We Few, We Happy Few . . .

Today is the feast of Saint Crispin and Crispinian, patrons of cobblers, shoe-makers, and leather craftsmen, martyred during the persecutions of Emperor Diocletian. it is probably better known among English-speakers for a battle that took place on this feast, and Shakespeare’s version of it. Other notable fights on this day came during Crimea (“Honor the charge they made,”) and Leyte Gulf. But it is the older battle most of us think of.

The Agincourt Carol, written by John Dunstable.

Deo gratias anglia, redde pro victoria.

Owre kynge went forth to Normandy,
With grace and myght of chyvalry;
Ther God for hym wrought mervlusly,
Wherfore Englonde may calle and cry,
Deo gratias,
Deo gratias anglia, redde pro victoria.

He sette a sege, for sothe to say,
To Harflu toune with ryal aray;
That toune he wan and made a fray,
That Fraunce shall rewe tyl domesday.
Deo gratias, &c.

Then went owre kynge, with alle his oste,
Thorowe Fraunce for all the Frenshe boste;
He spared for drede of leste, ne most,
Tyl he come to Agincourt coste;
Deo gratias, &c.

Than for sothe that knyght comely,
In Agincourt feld he faught manly;
Thorow grace of God most myghty
He had bothe the felde, and the victory;
Deo gratias, &c.

Ther dukys, and erlys, lorde and barone,
Were take and slayne, and that wel sone,
And som were ledde in to Lundone
With joye, and merthe, and grete renone;
Deo gratias, &c.

Now gratious God he save owre kynge,
His peple and all his welwyllynge,
Gef him gode lyfe and gode endynge,
That we with merth mowe savely synge;
Deo gratias, &c.

[after 1415]
(from http://www.luminarium.org/medlit/medlyric/agincourt.php )
The Bard summed up the wonder of the battle and of Henry V with the most famous of speeches, delivered by (in my opinion) the best Henry I’ve seen on stage or screen:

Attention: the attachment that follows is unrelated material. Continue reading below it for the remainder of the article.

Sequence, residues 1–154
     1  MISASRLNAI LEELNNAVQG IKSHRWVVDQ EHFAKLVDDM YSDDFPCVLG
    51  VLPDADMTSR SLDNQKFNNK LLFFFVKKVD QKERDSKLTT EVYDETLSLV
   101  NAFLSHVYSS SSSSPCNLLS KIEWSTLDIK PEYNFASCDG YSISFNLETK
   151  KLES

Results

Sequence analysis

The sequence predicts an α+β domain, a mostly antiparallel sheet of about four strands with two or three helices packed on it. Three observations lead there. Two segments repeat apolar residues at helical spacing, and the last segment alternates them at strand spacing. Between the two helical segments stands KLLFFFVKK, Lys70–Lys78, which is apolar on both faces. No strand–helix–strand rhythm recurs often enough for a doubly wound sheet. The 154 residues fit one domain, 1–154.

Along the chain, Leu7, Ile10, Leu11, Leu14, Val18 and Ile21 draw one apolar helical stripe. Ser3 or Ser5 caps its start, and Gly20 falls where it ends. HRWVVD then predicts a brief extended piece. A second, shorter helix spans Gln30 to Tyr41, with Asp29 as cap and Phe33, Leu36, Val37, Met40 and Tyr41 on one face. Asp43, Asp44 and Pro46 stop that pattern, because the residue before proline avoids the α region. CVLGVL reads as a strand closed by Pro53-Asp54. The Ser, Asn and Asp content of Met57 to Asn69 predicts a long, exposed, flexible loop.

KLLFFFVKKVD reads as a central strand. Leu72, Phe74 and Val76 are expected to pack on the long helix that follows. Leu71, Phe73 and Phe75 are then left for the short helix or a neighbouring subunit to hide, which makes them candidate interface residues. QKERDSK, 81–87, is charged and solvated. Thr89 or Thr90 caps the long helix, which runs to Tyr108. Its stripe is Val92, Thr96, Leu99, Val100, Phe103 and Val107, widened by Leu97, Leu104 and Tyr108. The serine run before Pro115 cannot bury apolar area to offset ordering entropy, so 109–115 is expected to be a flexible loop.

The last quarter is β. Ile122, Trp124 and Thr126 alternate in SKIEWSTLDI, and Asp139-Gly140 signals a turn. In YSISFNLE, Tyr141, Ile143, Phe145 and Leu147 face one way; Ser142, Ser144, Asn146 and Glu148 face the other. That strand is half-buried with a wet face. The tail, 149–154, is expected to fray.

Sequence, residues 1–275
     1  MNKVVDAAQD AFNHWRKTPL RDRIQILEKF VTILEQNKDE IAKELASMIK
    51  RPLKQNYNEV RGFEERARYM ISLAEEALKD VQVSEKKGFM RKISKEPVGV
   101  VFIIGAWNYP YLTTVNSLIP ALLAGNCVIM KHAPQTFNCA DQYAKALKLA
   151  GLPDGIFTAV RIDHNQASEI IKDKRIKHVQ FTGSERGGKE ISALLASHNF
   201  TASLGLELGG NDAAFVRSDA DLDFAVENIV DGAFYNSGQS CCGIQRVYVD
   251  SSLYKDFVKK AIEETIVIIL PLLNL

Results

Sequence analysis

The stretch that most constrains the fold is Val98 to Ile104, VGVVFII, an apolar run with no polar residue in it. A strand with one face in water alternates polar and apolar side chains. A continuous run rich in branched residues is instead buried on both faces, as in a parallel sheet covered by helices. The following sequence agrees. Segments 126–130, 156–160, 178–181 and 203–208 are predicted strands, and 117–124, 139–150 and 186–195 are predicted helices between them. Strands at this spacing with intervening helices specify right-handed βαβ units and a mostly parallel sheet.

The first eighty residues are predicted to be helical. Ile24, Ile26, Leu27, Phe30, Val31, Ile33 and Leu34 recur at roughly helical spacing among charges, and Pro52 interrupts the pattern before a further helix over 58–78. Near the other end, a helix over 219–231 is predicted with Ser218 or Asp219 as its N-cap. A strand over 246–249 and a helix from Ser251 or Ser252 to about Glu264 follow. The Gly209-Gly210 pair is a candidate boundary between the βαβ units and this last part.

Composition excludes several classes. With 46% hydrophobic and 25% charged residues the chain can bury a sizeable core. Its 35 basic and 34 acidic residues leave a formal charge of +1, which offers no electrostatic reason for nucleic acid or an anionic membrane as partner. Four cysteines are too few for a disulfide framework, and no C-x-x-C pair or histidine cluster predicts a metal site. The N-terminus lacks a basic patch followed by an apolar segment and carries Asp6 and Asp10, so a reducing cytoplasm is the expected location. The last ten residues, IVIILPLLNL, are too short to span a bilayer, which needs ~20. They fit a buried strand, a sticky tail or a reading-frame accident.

Ah, that we had leaders this day who could inspire us so.


7 thoughts on “We Few, We Happy Few . . .

  1. I’m not sure that his speech (if he made one) was that great in reality, but I suspect that making it clear that he was going to be with them in the coming battle was more helpful.

    IE The Troops knew that he was not running leaving them to face the French.

    Hey, yes I have a touch of cynicism. đŸ˜‰

    • No, his real speech was probably a lot more vulgar, alternating Norman French, Welsh, and English, with a dash of Latin, and focused on loot and showing the French nobles just what a wimp their king was, or something like that. (It’s been a looooong time since I read Foissart’s Chronicles.)

      But Shakespeare wanted to make a point, and in doing so captured a LOT of human nature, and what it means to be a leader and inspirer of men. It moves past being pro-English propaganda into something a lot of people can claim for themselves or aspire to be. It’s amazing watching my students listen, sit up, and by the time he finishes, they’re ready to go attack France.

  2. I went through a period of watching/listening to assorted filmed Agincourt speeches. Agree this is the best. Even without the music it soars, although the music does help with the impact.

    • Yes. I think Branagh’s age (almost as young as Henry was) and sense of belief make it soar. Olivier’s good, others are good, but there’s a fire in Branagh’s version that the others don’t quite match.

  3. Nope … those arms and retinue screamed “HOOK ‘EM, ‘HORNS!” in the middle of Norman, OK, with two flats. Family Feud, turned up to 11, or more? Stand, fight, make the French pay cash.

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